1156 Engineering Samples ~ they any good at clocking?

Discussion in 'CPUs and Overclocking' started by hamunaptra, Nov 8, 2012.

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  1. hamunaptra

    hamunaptra Senior member

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    There are several i5, i7 engineering samples available on ebay at really low prices.
    I am curious, if any of you had first hand experience w/ ES 1156 chips and know how close they are to their retail counterparts?
    Are they broken in any way? Do they have the same performance? Do they overclock as well?

    Ive seen several review sites using ES 1156 chips when they came out and they seem to maintain nearly as good OC's .. not sure bout performance tho.
    Anyways, it would be a great help if you guys could chime in. Thanks

    Engineering sample processors are and will always remain Intel's property. If you buy an ES processor you are buying stolen property, and while we're not lawyers, we would strongly suggest you heed our advice and not get involved with stolen goods
    -ViRGE
     
    #1 hamunaptra, Nov 8, 2012
    Last edited by a moderator: Nov 9, 2012
  2. ctsoth

    ctsoth Member

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    You've been here long enough to know that engineering samples are illegal to buy and sell, those on sale are stolen property of Intel.

    As to your question, I'm sure some are equal to retail, I'm sure many are not.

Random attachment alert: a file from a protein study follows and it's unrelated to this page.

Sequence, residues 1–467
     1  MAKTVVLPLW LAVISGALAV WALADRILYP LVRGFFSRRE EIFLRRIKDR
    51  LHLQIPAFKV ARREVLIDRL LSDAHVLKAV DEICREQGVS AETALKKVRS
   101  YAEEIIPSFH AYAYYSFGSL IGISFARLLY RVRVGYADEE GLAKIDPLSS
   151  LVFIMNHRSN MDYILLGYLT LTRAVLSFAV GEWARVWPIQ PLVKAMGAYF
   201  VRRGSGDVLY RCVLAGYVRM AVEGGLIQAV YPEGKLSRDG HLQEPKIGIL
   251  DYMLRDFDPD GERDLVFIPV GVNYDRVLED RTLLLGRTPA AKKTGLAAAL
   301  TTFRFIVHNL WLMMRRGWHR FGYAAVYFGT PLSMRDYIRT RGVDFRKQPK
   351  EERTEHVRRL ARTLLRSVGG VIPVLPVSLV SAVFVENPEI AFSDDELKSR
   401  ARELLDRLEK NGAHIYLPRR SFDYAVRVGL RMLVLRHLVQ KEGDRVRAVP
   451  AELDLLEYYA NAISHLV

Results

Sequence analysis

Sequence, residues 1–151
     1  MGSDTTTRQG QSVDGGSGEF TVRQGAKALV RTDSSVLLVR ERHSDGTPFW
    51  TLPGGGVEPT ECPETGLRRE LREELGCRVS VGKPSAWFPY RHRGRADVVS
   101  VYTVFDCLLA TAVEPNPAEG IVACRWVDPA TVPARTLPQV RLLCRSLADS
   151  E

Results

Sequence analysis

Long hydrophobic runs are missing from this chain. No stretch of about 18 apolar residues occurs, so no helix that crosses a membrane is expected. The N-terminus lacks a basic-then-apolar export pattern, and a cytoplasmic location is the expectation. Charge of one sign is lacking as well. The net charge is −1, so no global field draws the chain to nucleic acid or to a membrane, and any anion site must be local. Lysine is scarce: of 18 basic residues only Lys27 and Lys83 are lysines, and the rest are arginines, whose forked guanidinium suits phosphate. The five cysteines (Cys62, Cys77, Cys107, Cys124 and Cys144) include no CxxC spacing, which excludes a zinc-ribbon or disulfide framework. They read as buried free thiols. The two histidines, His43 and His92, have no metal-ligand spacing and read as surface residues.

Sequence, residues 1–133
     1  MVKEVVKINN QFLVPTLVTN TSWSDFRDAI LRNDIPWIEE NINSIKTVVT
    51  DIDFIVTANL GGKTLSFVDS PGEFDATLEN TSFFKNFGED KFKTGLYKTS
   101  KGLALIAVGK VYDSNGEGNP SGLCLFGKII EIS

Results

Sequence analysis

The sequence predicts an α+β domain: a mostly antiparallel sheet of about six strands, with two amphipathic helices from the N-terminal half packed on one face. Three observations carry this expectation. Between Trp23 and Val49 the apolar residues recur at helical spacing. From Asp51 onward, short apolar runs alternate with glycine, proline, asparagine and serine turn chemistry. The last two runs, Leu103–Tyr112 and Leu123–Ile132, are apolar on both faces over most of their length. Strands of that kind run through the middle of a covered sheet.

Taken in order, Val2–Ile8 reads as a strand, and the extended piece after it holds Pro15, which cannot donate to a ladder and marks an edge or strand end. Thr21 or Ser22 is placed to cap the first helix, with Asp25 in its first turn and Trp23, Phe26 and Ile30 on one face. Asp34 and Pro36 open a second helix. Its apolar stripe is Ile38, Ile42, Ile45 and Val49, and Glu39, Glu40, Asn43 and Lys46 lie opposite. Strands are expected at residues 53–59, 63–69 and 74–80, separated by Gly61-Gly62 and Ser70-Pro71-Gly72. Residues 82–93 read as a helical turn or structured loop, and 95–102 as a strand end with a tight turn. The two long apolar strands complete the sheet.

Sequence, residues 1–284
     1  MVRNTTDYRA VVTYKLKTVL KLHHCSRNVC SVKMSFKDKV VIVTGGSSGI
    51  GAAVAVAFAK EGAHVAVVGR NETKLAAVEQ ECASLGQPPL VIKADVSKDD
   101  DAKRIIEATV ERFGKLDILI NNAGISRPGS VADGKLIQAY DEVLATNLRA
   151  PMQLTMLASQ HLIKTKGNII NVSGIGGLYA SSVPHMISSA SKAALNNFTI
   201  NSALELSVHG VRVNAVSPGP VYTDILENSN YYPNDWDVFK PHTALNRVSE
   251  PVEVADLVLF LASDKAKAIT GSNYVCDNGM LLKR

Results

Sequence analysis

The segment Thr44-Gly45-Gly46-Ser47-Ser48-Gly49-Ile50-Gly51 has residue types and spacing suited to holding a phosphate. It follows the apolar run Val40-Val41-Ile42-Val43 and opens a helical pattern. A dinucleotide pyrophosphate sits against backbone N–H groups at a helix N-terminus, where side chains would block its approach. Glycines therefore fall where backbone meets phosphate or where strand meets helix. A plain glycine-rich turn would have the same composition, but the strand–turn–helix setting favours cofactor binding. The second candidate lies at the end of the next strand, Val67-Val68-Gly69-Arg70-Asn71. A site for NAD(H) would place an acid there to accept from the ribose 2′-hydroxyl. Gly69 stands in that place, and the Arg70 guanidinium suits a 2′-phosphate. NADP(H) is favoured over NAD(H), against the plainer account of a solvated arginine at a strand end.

3. kowalabearhugs

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    I'd ask the seller. If someone possesses a engineering sample but is unable to answer your questions then I'd be very hesitant about procuring said unit from them.

    Regarding legality, choo gotta do what choo gotta do, mang
     
  4. hamunaptra

    hamunaptra Senior member

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    Apparently they are dell pulled processors. So, doubt seller would know much about its OC capabilities..
     
  5. SunnyD

    SunnyD Belgian Waffler

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    They are no different than retail. As with any chip, OC YMMV, based on several criteria, many of them having nothing to do with the chip itself. Being an ES chip has very little bearing on the actual overclock capabilities in general.
     
  6. Maximilian

    Maximilian Lifer

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    Not broken to my knowledge, they should clock just as well as any retail chip.

    I see the white knights have already crawled out from the woodwork :rolleyes:
     
  7. sm625

    sm625 Diamond Member

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    How can they be "Dell pulled"?
     
  8. hamunaptra

    hamunaptra Senior member

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    Not sure, the auction states its Dell PN .. bla bla bla, so, I assumed it was pulled from a Dell system. And by definition of what an ES is on intels website. It is stated they do ship ES's to their OEM's. So, dell could have had more than a few on hand.

    OTOH, maybe they just put the wrong company there. Maybe supposed to say Intel PN... lol
     
  9. Denithor

    Denithor Diamond Member

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    One thing to keep in mind - ES chips are often from quite early production runs, intended for OEMs to be able to benchmark heat generation, etc, to properly handle in their systems. As early revisions, they likely do not operate quite as well as final silicon of any given generation. Best comparison is the early (B3) generation of Q6600 versus the later "golden" G0 chips, which ran much cooler/lower power and overclocked considerably better. As the process matures they make better chips.

    So the short story is, an ES is unlikely to match normal production chips in power efficiency and/or OC potential.
     
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